During the dialogue, Kay found some of the COC team members hedging on whether salvation is through baptism alone. (Members of the Church of Christ team almost universally confided that the very oldest Churches of Christ members--people in Kay's grandfather's generation--were far less adamant about baptism for salvation than younger members were and documented how that particular controversial tenet increasingly "gathered steam" as the movement progressed). She often returned home from the dialogues reporting that some of the participants sounded more like Baptists than the stereotypical COC members. She was particularly fascinated by COC participants who insisted COC members are more diverse in their theology than most people believe.

And of course we know Southern Baptists who are equally as diverse and who also hedge on whether they think immersion in water is actually necessary for salvation to occur.

From our experiences on these dialogue teams and other life experiences, we both learned that one needs to listen carefully to what a member of a particular denomination says he or she believes before assuming that the person falls in lock-step with whatever the prevailing theological stereotype is of the person's denominational beliefs.

That's why we are eager to learn more about what the new Baylor president actually believes about theology as well as other important issues. We hope in the next weeks and months Judge Ken Starr will articulate as clearly as he wanted President Bill Clinton to articulate in the courtroom and that he (Starr) will state emphatically what he truly believes about baptism and salvation as well as about minor issues such as whether a church ought to have instrumental music in its worship center, whether a church ought to celebrate Easter, and whether he agrees with the traditional Churches of Christ viewpoint on the role of women in public worship.

Baylor University's presidential announcement puzzling

I'm puzzled by the way Baylor University made the announcement of Ken Starr as the next president of Baylor.

I heard about it in an email from a friend who is editor of the national Church of Christ publication. He wrote wanting to know if Starr would be the first non-Baptist president of Baylor.

With no Baylor announcement to Baylor alumni in any of our email inboxes, Kay and I then checked out Starr on Wikipedia, which already listed Starr as the 14th president of Baylor University.

Finally about 30 minutes later the announcement from Baylor arrived in our inboxes. The fact that Starr is Church of Christ was buried deep in the story. The story also noted that Starr promised to join a Baptist church as soon as he arrives in Waco.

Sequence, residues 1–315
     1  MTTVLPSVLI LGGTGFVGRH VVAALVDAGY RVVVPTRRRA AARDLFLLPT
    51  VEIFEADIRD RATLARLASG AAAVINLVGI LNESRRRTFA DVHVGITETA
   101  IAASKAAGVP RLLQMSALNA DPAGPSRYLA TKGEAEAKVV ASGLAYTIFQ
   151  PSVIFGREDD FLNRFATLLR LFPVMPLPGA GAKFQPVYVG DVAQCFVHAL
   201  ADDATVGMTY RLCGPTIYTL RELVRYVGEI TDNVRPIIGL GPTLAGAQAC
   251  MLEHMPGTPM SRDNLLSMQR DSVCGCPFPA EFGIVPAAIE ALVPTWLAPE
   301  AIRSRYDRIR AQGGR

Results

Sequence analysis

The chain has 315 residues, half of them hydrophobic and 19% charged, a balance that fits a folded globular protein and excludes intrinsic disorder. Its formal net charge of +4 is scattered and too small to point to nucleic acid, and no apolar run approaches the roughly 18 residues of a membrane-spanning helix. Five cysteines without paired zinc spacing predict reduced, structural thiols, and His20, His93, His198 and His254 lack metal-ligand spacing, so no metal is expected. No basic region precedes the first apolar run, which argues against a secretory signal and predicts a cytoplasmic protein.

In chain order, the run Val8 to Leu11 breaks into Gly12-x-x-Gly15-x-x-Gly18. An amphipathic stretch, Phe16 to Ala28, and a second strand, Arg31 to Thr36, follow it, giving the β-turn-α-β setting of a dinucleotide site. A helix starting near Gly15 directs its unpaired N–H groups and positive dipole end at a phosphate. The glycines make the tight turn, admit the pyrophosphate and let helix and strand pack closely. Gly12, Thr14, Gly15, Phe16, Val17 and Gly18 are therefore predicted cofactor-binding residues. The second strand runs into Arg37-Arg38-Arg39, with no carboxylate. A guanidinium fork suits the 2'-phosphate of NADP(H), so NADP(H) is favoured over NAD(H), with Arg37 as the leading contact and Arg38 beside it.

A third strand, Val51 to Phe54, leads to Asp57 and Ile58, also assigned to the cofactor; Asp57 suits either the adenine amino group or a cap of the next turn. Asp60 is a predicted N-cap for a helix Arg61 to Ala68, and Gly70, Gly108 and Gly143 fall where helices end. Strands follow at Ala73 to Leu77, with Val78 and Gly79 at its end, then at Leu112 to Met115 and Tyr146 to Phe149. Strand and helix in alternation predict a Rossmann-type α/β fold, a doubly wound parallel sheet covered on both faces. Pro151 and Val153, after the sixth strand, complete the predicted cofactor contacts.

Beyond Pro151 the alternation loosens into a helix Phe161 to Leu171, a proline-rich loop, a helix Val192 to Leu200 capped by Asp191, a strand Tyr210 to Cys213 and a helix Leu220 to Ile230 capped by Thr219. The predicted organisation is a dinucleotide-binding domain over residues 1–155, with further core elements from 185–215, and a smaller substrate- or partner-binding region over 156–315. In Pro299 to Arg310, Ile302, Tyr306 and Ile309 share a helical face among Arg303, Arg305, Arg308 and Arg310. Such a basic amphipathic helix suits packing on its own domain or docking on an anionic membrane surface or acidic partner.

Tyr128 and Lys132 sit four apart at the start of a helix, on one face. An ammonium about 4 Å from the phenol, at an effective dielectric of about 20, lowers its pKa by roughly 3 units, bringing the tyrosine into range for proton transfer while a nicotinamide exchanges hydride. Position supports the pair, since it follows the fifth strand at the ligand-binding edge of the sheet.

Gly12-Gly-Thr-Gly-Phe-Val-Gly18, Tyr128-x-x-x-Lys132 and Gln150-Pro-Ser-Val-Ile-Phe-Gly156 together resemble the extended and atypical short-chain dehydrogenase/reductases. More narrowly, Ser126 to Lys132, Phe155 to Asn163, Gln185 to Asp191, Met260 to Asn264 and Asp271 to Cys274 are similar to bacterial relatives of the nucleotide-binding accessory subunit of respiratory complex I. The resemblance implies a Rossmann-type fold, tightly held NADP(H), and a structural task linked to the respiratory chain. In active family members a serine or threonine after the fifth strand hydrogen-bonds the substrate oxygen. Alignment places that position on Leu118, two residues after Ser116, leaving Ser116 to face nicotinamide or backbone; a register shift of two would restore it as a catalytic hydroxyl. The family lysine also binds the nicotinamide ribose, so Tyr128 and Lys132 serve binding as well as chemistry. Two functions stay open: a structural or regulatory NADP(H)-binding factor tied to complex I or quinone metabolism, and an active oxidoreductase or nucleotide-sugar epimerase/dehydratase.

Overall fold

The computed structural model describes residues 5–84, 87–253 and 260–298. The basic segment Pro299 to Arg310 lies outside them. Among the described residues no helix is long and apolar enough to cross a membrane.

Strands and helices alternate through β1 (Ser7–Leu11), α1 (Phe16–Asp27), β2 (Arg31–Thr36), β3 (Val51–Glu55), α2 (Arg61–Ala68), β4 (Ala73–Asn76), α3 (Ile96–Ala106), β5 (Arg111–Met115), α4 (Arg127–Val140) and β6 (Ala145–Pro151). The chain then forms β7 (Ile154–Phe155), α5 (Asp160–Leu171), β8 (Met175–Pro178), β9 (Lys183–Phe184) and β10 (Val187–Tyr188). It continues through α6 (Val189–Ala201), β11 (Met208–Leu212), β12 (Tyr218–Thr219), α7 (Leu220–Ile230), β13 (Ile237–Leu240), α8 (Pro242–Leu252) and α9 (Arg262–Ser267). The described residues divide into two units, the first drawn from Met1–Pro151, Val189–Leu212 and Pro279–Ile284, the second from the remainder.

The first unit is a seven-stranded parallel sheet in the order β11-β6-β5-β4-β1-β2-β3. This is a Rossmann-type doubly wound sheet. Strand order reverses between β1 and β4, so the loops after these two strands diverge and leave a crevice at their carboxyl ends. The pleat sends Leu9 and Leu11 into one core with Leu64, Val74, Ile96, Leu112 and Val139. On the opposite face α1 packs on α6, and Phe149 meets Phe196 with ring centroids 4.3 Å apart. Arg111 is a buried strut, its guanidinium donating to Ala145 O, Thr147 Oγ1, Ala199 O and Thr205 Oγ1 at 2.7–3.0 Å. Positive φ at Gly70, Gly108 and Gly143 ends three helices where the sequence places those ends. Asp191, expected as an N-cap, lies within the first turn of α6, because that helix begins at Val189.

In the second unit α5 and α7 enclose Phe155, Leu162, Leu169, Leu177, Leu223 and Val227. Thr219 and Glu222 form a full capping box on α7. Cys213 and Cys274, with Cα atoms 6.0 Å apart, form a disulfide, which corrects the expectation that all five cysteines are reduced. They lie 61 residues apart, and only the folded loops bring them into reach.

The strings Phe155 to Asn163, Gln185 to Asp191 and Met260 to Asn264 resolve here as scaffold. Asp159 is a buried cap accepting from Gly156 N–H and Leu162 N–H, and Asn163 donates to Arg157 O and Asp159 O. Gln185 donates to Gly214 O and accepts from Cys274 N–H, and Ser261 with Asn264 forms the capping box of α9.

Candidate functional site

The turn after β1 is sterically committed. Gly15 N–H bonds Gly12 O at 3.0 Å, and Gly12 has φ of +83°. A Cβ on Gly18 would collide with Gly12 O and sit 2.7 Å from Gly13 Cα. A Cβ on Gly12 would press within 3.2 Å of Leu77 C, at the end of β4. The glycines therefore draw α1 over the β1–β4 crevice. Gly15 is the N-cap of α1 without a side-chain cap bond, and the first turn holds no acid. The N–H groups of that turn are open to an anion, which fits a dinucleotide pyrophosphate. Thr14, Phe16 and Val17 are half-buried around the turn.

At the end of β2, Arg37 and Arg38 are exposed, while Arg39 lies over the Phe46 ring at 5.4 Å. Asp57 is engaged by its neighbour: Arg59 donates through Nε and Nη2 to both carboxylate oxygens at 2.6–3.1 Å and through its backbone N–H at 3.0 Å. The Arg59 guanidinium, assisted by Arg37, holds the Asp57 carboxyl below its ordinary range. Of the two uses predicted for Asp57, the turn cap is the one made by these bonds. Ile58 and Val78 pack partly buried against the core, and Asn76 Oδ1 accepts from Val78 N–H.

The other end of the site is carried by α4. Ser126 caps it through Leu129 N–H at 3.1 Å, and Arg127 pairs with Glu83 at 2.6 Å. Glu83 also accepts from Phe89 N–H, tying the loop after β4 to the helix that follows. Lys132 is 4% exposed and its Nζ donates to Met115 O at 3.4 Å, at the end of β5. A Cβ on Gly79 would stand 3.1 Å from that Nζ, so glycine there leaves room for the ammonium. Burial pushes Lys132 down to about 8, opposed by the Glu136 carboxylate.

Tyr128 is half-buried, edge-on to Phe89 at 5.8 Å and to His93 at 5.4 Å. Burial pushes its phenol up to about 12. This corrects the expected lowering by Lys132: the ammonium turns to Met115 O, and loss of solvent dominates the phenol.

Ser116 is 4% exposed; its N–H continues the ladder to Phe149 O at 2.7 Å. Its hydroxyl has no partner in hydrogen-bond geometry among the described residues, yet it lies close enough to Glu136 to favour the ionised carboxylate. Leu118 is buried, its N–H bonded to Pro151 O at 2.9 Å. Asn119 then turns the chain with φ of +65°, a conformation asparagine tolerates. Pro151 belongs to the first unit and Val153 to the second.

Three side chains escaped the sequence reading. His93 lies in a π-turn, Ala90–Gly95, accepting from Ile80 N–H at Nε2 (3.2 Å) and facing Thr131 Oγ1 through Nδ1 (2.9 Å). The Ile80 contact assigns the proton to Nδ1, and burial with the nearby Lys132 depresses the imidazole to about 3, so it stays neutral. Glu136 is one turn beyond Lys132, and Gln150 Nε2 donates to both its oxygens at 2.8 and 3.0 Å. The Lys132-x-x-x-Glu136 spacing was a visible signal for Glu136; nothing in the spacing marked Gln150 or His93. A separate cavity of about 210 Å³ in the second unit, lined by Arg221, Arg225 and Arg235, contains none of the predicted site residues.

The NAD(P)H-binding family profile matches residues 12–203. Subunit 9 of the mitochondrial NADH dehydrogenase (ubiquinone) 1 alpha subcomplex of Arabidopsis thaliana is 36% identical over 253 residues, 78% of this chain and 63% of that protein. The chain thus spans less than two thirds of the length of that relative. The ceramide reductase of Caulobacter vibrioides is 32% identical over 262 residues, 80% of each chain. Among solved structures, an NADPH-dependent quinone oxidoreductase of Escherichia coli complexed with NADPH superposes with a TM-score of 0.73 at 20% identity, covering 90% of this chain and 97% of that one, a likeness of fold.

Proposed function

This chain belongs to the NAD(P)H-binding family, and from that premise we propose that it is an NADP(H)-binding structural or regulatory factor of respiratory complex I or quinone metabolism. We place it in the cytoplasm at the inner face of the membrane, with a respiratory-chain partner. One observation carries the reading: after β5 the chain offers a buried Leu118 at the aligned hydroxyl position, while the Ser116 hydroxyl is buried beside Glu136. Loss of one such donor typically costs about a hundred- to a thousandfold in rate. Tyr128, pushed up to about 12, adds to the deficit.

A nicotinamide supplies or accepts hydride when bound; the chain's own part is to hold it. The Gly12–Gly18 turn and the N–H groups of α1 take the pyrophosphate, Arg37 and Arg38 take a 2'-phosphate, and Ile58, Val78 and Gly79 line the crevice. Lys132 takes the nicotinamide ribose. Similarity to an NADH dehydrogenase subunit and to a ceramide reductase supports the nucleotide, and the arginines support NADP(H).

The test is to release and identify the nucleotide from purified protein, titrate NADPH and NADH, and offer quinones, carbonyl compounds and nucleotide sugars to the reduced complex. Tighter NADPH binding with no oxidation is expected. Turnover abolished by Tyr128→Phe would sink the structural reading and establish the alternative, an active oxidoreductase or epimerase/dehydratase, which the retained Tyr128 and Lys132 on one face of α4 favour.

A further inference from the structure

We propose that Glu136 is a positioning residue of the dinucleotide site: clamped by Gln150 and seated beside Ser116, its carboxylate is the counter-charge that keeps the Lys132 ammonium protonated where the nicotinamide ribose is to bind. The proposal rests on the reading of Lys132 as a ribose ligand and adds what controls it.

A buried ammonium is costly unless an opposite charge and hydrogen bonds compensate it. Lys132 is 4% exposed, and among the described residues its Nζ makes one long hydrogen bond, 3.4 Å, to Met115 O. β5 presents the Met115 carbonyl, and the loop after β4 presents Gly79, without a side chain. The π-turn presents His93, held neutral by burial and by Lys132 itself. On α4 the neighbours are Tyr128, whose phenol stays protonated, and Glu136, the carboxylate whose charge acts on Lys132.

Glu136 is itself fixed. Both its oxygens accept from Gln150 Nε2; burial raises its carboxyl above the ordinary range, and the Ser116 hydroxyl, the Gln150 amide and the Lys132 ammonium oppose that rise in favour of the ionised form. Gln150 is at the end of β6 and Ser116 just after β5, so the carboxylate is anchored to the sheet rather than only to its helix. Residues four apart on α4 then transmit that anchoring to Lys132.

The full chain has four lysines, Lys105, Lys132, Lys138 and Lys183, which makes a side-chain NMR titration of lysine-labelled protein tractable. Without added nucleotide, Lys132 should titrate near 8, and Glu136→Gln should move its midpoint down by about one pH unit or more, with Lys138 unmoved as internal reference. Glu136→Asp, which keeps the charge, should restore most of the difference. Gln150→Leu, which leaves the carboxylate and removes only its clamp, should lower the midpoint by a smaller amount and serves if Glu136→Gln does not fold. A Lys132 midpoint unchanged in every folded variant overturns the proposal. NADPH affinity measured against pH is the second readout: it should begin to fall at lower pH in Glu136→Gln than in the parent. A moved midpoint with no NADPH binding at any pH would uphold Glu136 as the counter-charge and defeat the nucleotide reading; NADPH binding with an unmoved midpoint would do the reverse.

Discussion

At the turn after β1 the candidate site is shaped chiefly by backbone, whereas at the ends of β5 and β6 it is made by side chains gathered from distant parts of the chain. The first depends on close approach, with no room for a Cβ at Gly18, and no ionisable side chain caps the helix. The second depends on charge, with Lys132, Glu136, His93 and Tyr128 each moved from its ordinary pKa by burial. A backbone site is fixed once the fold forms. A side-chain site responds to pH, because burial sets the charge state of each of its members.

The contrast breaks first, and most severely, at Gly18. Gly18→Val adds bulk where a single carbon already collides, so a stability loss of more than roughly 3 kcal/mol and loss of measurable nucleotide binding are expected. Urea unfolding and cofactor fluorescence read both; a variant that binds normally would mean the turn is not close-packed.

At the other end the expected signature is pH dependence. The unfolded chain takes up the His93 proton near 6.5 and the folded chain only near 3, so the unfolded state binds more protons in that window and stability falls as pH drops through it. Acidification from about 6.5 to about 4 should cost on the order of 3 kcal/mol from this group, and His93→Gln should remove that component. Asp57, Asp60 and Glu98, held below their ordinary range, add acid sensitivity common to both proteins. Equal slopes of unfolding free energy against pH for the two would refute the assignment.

Absent in the story was anything that truly connected Starr to Baylor past or present. Now he is the future of our alma mater! He was until a few minutes ago the dean of the law school at Pepperdine University, the Church of Christ West Coast school.

So do you get hired as Baylor president by promising to join a Baptist church? Or when you become Baylor president does your theology suddenly shift from C of C to Southern Baptist? Interesting development.

For more on this development watch this blog later tonight.

Thursday, February 4, 2010

Time for SBC leaders to step forward to take responsibility for their actions in preaching the message of "go"

The news media is riveted to the story about the 10 Idaho Southern Baptists who are engulfed in the legal melodrama in Haiti. And well they should be. The issues involved in this case are fascinating, complex, and illustrative of the difficulties people wanting to do good sometimes encounter in today's world.

Don't think, however, that this is the first time individual Southern Baptists have been caught in messes such as this one. What makes this escapade so unusual is that it's out there for everyone to watch and comment on. The media seldom has gotten hold of other sticky situations like this one involving Southern Baptists. Usually the denomination has managed to skinny by some really troubling scenarios. This time it got caught in the glare of the public's headlights.

Take, for instance, the case about 11 years ago when a team of Southern Baptist volunteers from the Chicago area were detained in North Korea. Yes, North Korea. Unbeknown to most Americans, including rank-and-file Southern Baptists, the SBC has been working—sometimes openly, sometimes clandestinely—in that area for at least a decade and a half.

The case to which I refer to involved a volunteer team much like the one from Idaho, with approximately the same number of people. Well-intentioned, these Chicago Southern Baptists went to North Korea full of idealism. Also like the Idahoans, the Chicagoans were apparently naive about the circumstances in which they found themselves.

And blunder they did. Even though they were warned to be discreet in their witnessing, the Chicagoans stood on street corners in Pyongyang and handed out evangelistic tracts—a great big no-no in the world's most reclusive communist-atheist nation. That was like waving a red flag in front of a bunch of already-suspicious bulls. North Korean police hauled off the volunteer group and "detained" the visitors for several days, while Southern Baptist bureaucrats worked feverishly behind the scenes—and out of the public limelight—to obtain the release of the Chicagoans.